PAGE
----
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Citigroup’s CFO Says Leverage Ratio in June Surpassed 5%

Citigroup Inc. (C), the third-biggest U.S. bank, said its ratio of capital to total assets averaged 4.9 percent in the second quarter and in June exceeded the 5 percent minimum that U.S. regulators proposed last week.

The bank disclosed the second-quarter Basel III supplementary leverage ratio in its second-quarter earnings report today. Chief Financial Officer John Gerspach said that figure rose toward the end of the period.

“That’s actually an average of the three months,” Gerspach told reporters on a conference call. “If you take a look just at the month of June, we actually were above 5 percent.”

The New York-based company hasn’t calculated a ratio for its deposit-taking unit, which must have capital equal to at least 6 percent of assets under the U.S. plan, according to Gerspach. He said the ratio was about 6 percent in March.

The proposed leverage ratios for the biggest U.S. banks go beyond the 3 percent global minimum requirement that the Basel Committee on Banking Supervision approved to help prevent another financial crisis. The changes would make lenders fund more of their assets with capital that can absorb losses instead of with borrowed money.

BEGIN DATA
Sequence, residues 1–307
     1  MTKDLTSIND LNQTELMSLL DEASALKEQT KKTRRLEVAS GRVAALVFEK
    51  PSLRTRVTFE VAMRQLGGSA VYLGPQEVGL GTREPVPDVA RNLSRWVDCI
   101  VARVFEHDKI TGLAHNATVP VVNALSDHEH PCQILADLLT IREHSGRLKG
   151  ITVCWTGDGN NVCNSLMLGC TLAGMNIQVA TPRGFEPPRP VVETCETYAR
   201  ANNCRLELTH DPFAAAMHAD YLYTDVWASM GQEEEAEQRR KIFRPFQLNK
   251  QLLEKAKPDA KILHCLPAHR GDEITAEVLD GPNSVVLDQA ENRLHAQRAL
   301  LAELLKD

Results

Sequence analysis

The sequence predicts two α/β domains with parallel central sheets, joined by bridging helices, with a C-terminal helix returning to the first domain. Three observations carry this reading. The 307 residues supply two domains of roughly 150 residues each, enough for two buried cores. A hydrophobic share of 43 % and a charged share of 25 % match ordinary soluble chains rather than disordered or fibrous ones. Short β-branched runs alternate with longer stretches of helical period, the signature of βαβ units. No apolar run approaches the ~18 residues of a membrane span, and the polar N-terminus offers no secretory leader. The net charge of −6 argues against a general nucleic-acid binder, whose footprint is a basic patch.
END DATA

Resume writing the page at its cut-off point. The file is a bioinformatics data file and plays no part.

Citigroup almost collapsed in 2008 after losing billions of dollars on soured mortgage investments. Taxpayers rescued the firm with a $45 billion bailout, which the bank later repaid.

Photographer: Victor J. Blue/Bloomberg

A pedestrian walks past a Citigroup Inc. Citibank branch in New York. Close

A pedestrian walks past a Citigroup Inc. Citibank branch in New York.

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Photographer: Victor J. Blue/Bloomberg

A pedestrian walks past a Citigroup Inc. Citibank branch in New York.

Wells Fargo & Co. (WFC), the fourth-biggest lender, exceeds both minimums, Chief Executive Officer John Stumpf said last week.

JPMorgan Chase & Co. (JPM), the biggest U.S. bank, said last week that both its holding company and deposit-taking subsidiary fall short of the proposed minimums. Jamie Dimon, CEO of the New York-based lender, criticized the plan for going further than international requirements.

“If one is 3 percent and one is 6 percent, that becomes just too big, and over time it can have huge competitive effects,” Dimon said on the conference call with analysts on July 12. “We always ran with higher capital and liquidity than most of our competitors.”

To contact the reporter on this story: Donal Griffin in New York at dgriffin10@bloomberg.net

To contact the editors responsible for this story: Christine Harper at charper@bloomberg.net; David Scheer at dscheer@bloomberg.net

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